Many combinations of two dice can result in an “8” shoot—2 and 6, 1 and 7, etc. These are called the “easy way.” A “Hard 8”–the hardway of 8–is from a pair of dice, or 4 and 4. Players can bet on a shoot to land on a “Hard 4,” “Hard 6,” “Hard 8,” or “Hard 10” to bet on a matched pair of dice.
(“Hard 2” and “Hard 12” isn’t a thing, since a pair of 1’s and a pair of 6’s is the only way to produce this outcome.)
This long-odds proposition bet is also sometimes called the “sucker’s bet.”
How to Win at Craps
Anyone can get lucky with a big-winning long-odds bet on a single die roll like Hardways or Big 6/Big 8, but it’s unlikely; these risky bets carry house edges over 10%.
Some gamblers swear that with practice, they can “control” the dice in the hand where they shake them and increase their ability to predict the outcome of the shoot. This is unproven and would take so much practice that the potential payout might not be worth your time. It also doesn’t apply to online craps.
Winning gamblers do not try to predict outcomes—they bet in such a way that maximizes the mathematical likelihood of them coming out ahead, while everyone else throws away their money and solidifies the house edge.
By picking a strategic system and sticking to it, you could lose a few shoots and still come out ahead. Just remember—the longer you play, the more the house edge reveals itself.
Some basic rules of thumb:
- Predicate your next bet based on your last bet, not on a “hunch.” Bet lower if you’re losing, higher if you’re winning.
- If you want to enjoy a long session at the table without going broke (maybe even coming out ahead), stick to low-house-edge bets like Pass Line, Don’t Pass Line, Come, and Don’t Come.
- If you want a short session with a chance of a big payoff, indulge in some long-odds bets.
- Never bet more money than you are willing to lose.
Professional or experienced gamblers stack wagers to increase the likelihood of coming out ahead. Here’s an example of a craps wager stack:
Wager Stack 1:
- Pass Line Bet
- Single or Double Odds on the Pass Line Bet
- Come Bet
- Single or Double Odds on the Come Bet
- When you win on one of the Come bets, place another immediately.
The odds on various wagers are as follows:
Pass Line Bet
House Edge: 1.41%
Don’t Pass Line Bet
House Edge: 1.36%
House Edge: 1.41%
Don’t Come Bet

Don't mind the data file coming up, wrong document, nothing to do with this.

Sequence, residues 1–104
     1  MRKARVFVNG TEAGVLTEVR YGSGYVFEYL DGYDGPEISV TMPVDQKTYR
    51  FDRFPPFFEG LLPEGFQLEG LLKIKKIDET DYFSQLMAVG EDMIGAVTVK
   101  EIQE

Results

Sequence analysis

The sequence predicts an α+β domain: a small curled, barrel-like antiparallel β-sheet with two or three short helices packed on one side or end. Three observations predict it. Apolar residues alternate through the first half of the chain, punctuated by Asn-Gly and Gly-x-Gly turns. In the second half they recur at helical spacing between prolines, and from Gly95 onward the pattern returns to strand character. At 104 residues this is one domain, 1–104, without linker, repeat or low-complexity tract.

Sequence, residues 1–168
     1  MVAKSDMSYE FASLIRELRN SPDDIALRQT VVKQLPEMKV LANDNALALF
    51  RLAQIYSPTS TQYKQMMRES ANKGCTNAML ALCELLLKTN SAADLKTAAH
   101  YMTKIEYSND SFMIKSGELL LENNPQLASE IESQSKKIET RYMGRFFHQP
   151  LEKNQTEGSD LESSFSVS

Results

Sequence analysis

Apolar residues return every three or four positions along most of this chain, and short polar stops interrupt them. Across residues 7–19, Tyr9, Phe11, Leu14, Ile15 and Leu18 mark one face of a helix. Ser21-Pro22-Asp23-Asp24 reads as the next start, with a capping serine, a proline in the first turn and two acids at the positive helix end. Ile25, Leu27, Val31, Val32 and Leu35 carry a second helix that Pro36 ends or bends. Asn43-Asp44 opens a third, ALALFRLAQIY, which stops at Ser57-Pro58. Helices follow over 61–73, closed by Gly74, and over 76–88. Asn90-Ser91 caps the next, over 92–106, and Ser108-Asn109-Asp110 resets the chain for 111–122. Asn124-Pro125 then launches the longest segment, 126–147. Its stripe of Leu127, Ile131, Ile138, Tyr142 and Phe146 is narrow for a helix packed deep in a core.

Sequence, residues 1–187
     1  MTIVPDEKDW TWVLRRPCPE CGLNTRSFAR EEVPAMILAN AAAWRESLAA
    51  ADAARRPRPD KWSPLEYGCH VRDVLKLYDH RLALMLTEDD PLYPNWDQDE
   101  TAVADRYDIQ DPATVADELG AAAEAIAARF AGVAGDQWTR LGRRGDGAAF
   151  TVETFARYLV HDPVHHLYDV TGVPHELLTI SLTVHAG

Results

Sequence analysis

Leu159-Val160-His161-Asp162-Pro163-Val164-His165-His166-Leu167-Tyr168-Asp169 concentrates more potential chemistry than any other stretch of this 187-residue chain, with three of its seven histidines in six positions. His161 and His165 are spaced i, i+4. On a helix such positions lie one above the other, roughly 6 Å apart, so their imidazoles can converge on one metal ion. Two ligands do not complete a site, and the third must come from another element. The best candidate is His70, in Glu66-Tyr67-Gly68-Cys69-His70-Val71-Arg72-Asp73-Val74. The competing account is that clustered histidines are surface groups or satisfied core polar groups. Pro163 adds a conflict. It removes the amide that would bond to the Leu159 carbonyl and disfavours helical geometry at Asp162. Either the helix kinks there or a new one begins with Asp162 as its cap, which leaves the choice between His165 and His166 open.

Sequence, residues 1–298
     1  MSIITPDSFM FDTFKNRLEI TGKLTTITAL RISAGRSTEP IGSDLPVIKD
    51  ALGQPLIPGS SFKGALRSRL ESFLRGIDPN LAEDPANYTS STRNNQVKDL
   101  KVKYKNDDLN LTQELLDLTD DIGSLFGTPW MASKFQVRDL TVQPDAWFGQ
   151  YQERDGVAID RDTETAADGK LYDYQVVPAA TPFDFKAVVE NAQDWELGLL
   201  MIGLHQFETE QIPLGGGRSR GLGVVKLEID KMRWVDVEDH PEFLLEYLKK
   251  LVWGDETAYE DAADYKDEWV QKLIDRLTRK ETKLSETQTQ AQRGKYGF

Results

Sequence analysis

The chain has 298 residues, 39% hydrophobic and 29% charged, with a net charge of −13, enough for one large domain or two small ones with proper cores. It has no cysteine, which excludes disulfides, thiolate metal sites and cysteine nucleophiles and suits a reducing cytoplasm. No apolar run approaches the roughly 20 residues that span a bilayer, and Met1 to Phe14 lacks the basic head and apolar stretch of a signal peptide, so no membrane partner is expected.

House Edge: 1.36%
Buying Odds Bet
Payout: 2/1 on 4, 10; 3/2 on 5, 9; 6/5 on 6, 8
Odds: Same as Payout
House Edge: 0%
Laying Odds bet
Payout: 1/2 against 4, 10; 2/3 against 5, 9; 5/6 against 6, 8
Odds: Same as Payout
House Edge: 0%
Payout: 1/1, except 2 (2/1) and 12 (3/1)
House Edge: 2.78%
Bix Six or Big Eight Bet
House Edge: 9.09%
Payout: Varies (7/1 or more)
Odds: Varies (8/1 or more)
House Edge: Over 10%
House Edge: 11.11%
Payout: 6/5 on 6, 8; 3/2 on 5, 9; 2/1 on 4, 10
Odds: 7/6 on 6, 8; 7/5 on 5, 9; 9/5 on 4, 10
House Edge: 1.52% on 6, 8; 4% on 5, 9; 6.67% on 4, 10
Payout: 30/1 on 2, 12; 7/1 on 4, 10; 9/1 on 6, 8
Odds: 35/1 on 2, 12; 8/1 on 4, 10; 10/1 on 6, 8
House Edge: 13.89% on 2, 12; 11.11% on 4, 10; 9.09% on 6, 8
Common Questions and Answers about Craps
Question: Can you play craps online for money?
Yes, you can … but laws vary. A few states have expressly legalized online gambling and license online casinos. Other states have no specific laws prohibiting it, or they state that online gambling is illegal but set out no penalties for it (making it effectively legal).
Other states prescribe penalties of varying harshness for the crime of online gambling, though it’s unclear how strictly they’re enforced.
Regardless, online casinos will accept deposits by ACH, credit card, mobile wallet, wire transfer, or cash deposit at an affiliated casino, and do accept online wagers on digital craps games.
It is worth noting that state-licensed casinos must comply with oversight rules monitoring the fairness of the games, the protection of sensitive user data such as social security and credit card numbers, and the honoring of withdrawal requests.
The safest and fairest online craps games are probably those offered by the states that license online casinos, including:
- New Jersey
States have different laws about whether you have to be physically located within the state (verified by GPS) or a resident of the state in order to gamble legally. You must also be of legal age to gamble in whatever locality you choose. Legal gambling ages vary by state and country.
Online craps games look like video-game versions of a craps table on a mobile or desktop browser. Animated dice may be thrown, but remember that the shoot result is determined by random-number-generating software, not the role of actual dice. In this digital environment, it is even easier for a casino to build in a predictable house edge.
However, state-monitored casinos must adhere to their house edge and not unfairly slant the game or make it unwinnable. This means that within the parameters of the house edge, it is perfectly possible for a player to get a lucky online shoot and win big money.